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Robotics 2013 On January 5, the First Organization unleashed the 2013 First Robotics Challenge, Ultimate Ascent. In this challenge, teams have to throw frisbees into goals, and climb a tower at the end of the match to score points. When Robo-Rams, our school’s team, heard of the challenge, we thought about how to launch the frisbees, and how to climb the tower. One of the challenges was what style to make the launcher, and how to place it so we could include a place to pick up the frisbees from the ground. We had originally thought about making a round launcher, but after seeing Robot in Three Days, a group of engineers that made a Robot that could play the game in just 72 hours after release, we decided to go with a linear launcher. We went with the straight launcher for a few reasons. First: WE don’t have a metal workshop so making a smooth circular design with metal was not practical. Second: A straight launcher allows us to bring the frisbees further back. Third: Linear Launchers can accelerate frisbees faster than circular. We also had to sort through our lists of parts we got in the parts pack that comes with team registration, as well as trying to come up with a design for the robot that worked. We eventually decided on a sort of X shape for the robot, with the belt bring frisbees up fro the ground next to the shooter, and the shooter going up the opposite way. The truly tough challenge this year is climbing the tower. Robot in Three Days decided to only go for the 10 point climb, and our team was considering the 20 point, but the 10 point as a fallback. We decided the 30 point was too difficult, because we’d have to balance on the 20 point only before hoisting ourselves up to the 30 point. Overall, this year the Willow Glen Robo-Rams is shaping up nicely, and we have already decided on our design and how we are going to score points. The first week is down, now 5 to go before the build season ends.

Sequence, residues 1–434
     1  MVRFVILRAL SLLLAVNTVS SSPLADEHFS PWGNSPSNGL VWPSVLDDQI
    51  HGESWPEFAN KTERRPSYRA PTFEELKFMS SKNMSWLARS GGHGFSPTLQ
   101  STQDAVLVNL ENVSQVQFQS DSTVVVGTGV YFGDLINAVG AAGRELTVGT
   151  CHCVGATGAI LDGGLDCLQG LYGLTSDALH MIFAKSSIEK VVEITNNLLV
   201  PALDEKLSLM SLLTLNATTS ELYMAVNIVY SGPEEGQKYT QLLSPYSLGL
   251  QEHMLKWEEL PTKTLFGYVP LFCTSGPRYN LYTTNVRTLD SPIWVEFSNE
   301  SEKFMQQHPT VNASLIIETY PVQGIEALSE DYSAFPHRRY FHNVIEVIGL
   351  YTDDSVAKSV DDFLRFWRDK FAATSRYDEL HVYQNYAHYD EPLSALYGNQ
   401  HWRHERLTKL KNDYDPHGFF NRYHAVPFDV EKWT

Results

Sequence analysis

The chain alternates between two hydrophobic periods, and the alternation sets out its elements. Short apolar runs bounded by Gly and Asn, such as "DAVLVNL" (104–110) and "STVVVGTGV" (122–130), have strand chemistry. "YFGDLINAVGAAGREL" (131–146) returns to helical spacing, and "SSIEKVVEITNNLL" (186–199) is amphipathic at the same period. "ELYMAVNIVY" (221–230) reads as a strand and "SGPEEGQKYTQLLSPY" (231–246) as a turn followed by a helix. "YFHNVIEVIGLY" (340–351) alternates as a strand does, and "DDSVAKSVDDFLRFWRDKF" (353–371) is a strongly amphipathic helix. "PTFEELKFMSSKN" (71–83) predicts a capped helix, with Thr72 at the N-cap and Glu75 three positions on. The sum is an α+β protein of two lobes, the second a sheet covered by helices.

Article # 1 robotics 2013